Google Glass, Bluetooth and other emerging mobile and wearable technologies are poised to transform manufacturing practices and how people interact with materials on the plant floor. Imagine pairing Google Glass with RFID tags to create a way for people to see inside boxes and around corners without using their hands. New technologies can also help manufacturers learn about the travel conditions materials experience en route to the factory; for example, advanced sensors can alert manufacturers to excessive temperatures and turbulence that might have damaged materials, avoiding costly quality issues.
Before I started my career with the development team at Plex Systems, I was a first-generation college graduate with a degree in Computer Science and a vision— rapid innovation was my future. I grew up in Detroit where family time meant Saturdays at my family’s manufacturing company, eating donuts, operating the lathe and other machinery, and filling out time tickets.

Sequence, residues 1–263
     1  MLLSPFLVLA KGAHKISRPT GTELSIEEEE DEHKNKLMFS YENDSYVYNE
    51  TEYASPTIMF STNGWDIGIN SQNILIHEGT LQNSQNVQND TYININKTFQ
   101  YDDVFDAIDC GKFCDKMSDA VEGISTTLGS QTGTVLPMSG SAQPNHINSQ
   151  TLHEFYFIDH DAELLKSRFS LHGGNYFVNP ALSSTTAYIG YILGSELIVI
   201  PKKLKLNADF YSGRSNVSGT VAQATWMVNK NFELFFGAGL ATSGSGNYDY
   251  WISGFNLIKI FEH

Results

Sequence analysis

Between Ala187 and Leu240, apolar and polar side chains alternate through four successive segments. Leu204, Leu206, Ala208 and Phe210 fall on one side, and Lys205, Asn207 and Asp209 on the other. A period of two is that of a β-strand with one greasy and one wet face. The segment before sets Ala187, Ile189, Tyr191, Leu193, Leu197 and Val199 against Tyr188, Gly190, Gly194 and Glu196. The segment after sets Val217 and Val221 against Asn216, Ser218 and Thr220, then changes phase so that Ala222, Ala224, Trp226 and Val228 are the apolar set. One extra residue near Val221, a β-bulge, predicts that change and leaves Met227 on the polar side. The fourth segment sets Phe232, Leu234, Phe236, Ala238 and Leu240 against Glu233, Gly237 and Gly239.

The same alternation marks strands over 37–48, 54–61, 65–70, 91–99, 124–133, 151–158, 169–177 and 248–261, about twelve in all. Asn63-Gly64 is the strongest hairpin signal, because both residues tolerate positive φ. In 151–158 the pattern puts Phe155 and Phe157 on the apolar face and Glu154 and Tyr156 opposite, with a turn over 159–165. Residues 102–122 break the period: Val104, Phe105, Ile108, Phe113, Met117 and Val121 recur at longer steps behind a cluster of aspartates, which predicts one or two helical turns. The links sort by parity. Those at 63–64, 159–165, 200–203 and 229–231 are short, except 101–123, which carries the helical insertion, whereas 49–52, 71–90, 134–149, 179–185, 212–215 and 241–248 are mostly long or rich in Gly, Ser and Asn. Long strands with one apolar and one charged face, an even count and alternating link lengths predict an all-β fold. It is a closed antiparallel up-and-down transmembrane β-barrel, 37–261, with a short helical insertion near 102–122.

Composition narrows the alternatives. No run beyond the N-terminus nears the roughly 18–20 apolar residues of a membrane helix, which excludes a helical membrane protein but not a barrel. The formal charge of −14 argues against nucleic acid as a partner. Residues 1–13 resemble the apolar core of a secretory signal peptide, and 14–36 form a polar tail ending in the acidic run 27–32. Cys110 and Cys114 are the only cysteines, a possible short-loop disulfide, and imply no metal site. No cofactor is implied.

Plex Systems allows me to exist in both of these worlds, manufacturing and innovation, my past and my future. And it’s an exciting place to be as we examine what new technologies mean for manufacturing: wearable devices allow people to interact with technology without touching it, and mobile tools give us a new window inside the manufacturing process.
I recently had the privilege of describing how technology has the potential to transform “the magic” of manufacturing at TEDxDetroit:
What’s exciting is that these advancements are rapidly approaching: we are months – not decades – away from dramatic changes in how people interact with technology on the shop floor, unleashing new innovation for manufacturers and creating new avenues to improve safety, efficiency and competitiveness.